Last year, a private client of mine gave me the opportunity to look more closely at the best multivitamins.
She wanted to know if she should be taking a multivitamin, and if she should be giving one to her children. Of course, she also wanted to know which brands make the best multivitamins.
I shared my opinion with the Gimme readership back then, and now am pleased to be able to update you guys. What follows is even more research on multivitamins, and a brand new recommendation for the best multivitamin.
RELATED: Best Prenatal Vitamins
Should You Take a Multivitamin?
Here’s the bottom line on multivitamins, in my opinion:
For adults, there is no harm in taking a multivitamin, although possibly not a huge benefit, either. I wouldn’t, however, recommend giving a multivitamin to young children. You’ll read more about why below.
I do recommend that both children and adults take a vitamin D supplement. You should also consider a fish oil supplement if you or your children don’t eat fish.
The Case for (and Against) Multivitamins
Science clearly shows that vitamins and minerals are important to overall health. Studies have also shown, repeatedly, that the best way to get nutrients is from our food.
There is some evidence to suggest that the quality of modern soil and agricultural practices are insufficient to produce food as rich in nutrients as the stuff that our ancient ancestors enjoyed. This makes sense.
Still, most researchers argue that isolating vitamins into pill form vastly reduces or even eliminates the benefits.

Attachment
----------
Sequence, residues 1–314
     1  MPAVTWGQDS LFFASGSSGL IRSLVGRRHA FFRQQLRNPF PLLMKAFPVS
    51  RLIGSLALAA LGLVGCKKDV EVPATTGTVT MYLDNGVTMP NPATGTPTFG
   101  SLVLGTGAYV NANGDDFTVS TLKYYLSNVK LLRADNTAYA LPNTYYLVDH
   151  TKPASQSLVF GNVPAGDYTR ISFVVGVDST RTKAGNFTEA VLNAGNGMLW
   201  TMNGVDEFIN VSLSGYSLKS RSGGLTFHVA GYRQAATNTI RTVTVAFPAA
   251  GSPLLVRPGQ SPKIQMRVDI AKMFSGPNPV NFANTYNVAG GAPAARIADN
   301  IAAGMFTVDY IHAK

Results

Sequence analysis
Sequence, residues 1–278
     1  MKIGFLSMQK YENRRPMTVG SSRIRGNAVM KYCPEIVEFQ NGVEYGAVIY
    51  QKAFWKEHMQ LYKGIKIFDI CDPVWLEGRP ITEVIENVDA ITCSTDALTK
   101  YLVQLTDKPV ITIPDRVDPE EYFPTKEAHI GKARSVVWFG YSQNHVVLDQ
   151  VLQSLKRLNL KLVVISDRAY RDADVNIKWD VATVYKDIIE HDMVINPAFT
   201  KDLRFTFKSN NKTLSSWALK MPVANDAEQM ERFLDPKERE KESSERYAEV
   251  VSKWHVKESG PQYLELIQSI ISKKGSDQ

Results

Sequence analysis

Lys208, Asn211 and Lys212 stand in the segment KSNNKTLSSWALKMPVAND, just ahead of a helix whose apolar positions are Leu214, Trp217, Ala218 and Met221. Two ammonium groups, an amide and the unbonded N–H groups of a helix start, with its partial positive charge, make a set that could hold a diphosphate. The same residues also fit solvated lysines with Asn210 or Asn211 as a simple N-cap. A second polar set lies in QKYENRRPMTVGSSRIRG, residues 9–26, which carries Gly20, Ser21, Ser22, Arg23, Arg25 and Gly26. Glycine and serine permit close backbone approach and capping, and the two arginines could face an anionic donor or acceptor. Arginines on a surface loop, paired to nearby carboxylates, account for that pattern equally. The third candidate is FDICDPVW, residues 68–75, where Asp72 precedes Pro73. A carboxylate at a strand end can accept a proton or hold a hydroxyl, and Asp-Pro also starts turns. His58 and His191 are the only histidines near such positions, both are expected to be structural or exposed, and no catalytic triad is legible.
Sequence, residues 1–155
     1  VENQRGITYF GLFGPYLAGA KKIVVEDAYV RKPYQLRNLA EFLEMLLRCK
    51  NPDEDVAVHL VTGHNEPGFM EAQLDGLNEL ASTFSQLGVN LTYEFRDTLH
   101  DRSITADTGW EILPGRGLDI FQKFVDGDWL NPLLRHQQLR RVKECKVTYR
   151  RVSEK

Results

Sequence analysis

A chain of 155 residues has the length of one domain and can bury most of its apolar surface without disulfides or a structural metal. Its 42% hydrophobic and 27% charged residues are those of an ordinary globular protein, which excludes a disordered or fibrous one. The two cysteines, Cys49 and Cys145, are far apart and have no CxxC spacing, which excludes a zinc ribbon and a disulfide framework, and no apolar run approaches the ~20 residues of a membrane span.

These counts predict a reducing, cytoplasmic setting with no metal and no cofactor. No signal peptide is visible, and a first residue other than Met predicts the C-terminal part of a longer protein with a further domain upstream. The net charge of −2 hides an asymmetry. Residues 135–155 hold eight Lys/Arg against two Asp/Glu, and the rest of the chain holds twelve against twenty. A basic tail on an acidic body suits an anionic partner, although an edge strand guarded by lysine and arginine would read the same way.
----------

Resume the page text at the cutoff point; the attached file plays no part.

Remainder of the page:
The theory that multivitamins and supplements can “fill gaps” in our dietary intake of vitamins and minerals also makes sense. And yet repeated studies have been unable to find any actual health benefits when compared to placebo or non-use.
Despite this lack of clear benefit, many doctors recommend the use of a daily multivitamin. (Of course, if your physician is trying to sell you a bottle of supplements, take her recommendation with a grain of salt.)
The Best Way to Get Your Vitamins
The best way to hit all nutritional checkpoints is by eating a diverse range of vibrantly-colored fruits, vegetables, nuts, seeds, and whole grains.
This is hard to accomplish for a picky child, of course. Many nutrients are lost during the processing of the food most Americans eat.
I haven’t come across strong evidence that taking vitamins has any major downsides for adults, but there are a few worrisome studies I’ve found:
- Smokers who take beta carotene have increased risks of lung cancer.
- Folic acid may increase prostate cancer risk.
- Adults who take large doses of B vitamins for many years may have increased incidence of hip fracture.
Overdosing on Vitamins
Excessive doses of vitamin C have also been shown to increase the risk of kidney stones. Most of us get plenty of vitamin C in our diets, so it’s not one that you need much of in a supplement.
What are the Best Multivitamins for Adults?
If you are trying to get nutrients from a pill, it makes sense to get a food-based pill. The less we try to break down vitamins/minerals to the sum of their parts, the more bio-available all the nutrients will be.
I think the best multivitamin for women is by Ritual Essential for Women.
- Ritual’s multivitamin contains half of the number of ingredients of most multivitamins, so you’re not getting unnecessary or excessive amounts of nutrients. For instance, this multi doesn’t include calcium, because most women get plenty from their diets and it can impede the absorption of iron.
- This multi contains a vegan form of vitamin D3, which is much more easily absorbed than D2.
- Ritual uses folate rather than synthetic folic acid.